(The Center Square) – Gov. Tom Wolf’s call to raise Pennsylvania’s personal income tax amid a broader plan of infusing $4 billion in revenue into the state budget was scrutinized by a number of senators at a recent budget hearing.
When Matthew Knittel, director of the state Independent Fiscal Office, went before members of the Senate Appropriations Committee on March 8, questions frequently swirled back to the proposal, which Wolf unveiled in early February amid his budget address to increase spending on public education.
But from a policy perspective, state Sen. Patrick Browne, R-Lehigh, said he believes it is important to enact legislation that has the labor market and residents’ pocketbooks in mind.
If Wolf’s proposal is adopted, at face value, Browne said he believes a current trend in population declines will continue into the future.
Knittel presented the committee with his office’s demographic snapshot, which reveals projected population declines. The IFO is anticipating a state population of 12.76 million people in 2025, compared to 12.8 million in 2020. The forecast numbers drop further to 12.66 million people in 2030.
“It has been a large issue for the past decade, if not more,” said Browne, who serves as majority chair of the Senate Appropriations Committee. “Based on my analysis, I think this is way too risky. If we’re not doing something to turn (the trend) around … Pennsylvania’s in trouble”
Wolf’s proposed income tax increase, if implemented, would go from the current rate of 3.07 percent to 4.49 percent, beginning in July. Households of four or more people, earning more than $84,000 annually, would be subject to the increase.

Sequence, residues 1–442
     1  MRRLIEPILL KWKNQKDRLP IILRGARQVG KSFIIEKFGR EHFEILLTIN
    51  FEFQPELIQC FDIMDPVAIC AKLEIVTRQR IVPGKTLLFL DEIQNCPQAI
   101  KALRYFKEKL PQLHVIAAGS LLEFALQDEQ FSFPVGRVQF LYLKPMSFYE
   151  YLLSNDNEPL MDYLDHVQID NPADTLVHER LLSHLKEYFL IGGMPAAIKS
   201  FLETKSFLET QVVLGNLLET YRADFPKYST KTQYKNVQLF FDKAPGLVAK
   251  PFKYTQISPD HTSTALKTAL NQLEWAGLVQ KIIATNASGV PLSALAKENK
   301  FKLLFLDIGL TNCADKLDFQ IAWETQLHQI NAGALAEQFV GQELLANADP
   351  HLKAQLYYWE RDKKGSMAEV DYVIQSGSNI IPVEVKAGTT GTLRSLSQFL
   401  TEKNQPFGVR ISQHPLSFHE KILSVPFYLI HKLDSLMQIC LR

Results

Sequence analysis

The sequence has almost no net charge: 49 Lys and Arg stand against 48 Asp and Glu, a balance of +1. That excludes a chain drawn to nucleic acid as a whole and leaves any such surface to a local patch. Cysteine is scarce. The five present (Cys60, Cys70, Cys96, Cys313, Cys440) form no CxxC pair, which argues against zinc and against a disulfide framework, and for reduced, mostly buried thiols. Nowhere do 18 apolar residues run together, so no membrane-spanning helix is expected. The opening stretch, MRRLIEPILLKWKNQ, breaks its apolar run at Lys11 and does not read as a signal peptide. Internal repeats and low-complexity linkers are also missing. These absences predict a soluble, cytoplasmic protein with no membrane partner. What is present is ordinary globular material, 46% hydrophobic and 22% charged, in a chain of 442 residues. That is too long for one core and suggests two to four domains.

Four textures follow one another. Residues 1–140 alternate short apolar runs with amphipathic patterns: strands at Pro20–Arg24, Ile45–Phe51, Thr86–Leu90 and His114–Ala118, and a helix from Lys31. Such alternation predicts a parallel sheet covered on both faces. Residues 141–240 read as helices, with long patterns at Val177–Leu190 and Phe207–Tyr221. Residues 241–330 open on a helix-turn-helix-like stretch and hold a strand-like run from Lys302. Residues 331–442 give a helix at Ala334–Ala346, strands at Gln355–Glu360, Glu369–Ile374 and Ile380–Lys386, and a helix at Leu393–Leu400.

The IFO is anticipating a state population of 12.76 million people in 2025, compared to 12.8 million in 2020. The forecast numbers drop further to 12.66 million people in 2030.
Based on tentative numbers, Knittel said Wolf’s plan would result in decreased or flat income taxes for 61 percent of filers. The balance of 39 percent of the tax filers would be subjected to the increases.
“We will be looking at how that feeds back into the economy,” Knittel said of the impact from an income tax increase.
During testimony, Knittel was asked how raising the state’s personal income tax would impact the out-migration trend that was occurring pre-pandemic.
“We’ve looked at migration statistics in the past,” Knittel said, in response. “We have not yet done so for the purpose of this proposal.”
Alongside the income tax hike, several lawmakers used the hearing as a platform to weigh in on Wolf’s proposed changes to the state’s long-standing poverty forgiveness credit for taxes. The draft budget offers accommodations to file for the credit for a family of four with a household income less than $100,000 annually.
Since Pennsylvania’s poverty tax credit was last reviewed in 2004, Browne said it would be prudent to revisit it this budget season.
But the threshold Wolf is proposing – well above the federal poverty line – is an overreach, Browne said in his closing remarks.
“I am really afraid about expectations,” Browne said. “Up until this point we have been really clear about the expectations for (the credit).”
Dave Fidlin covers state politics and policy for The Center Square. This piece was originally published in The Center Square. Read the original article here.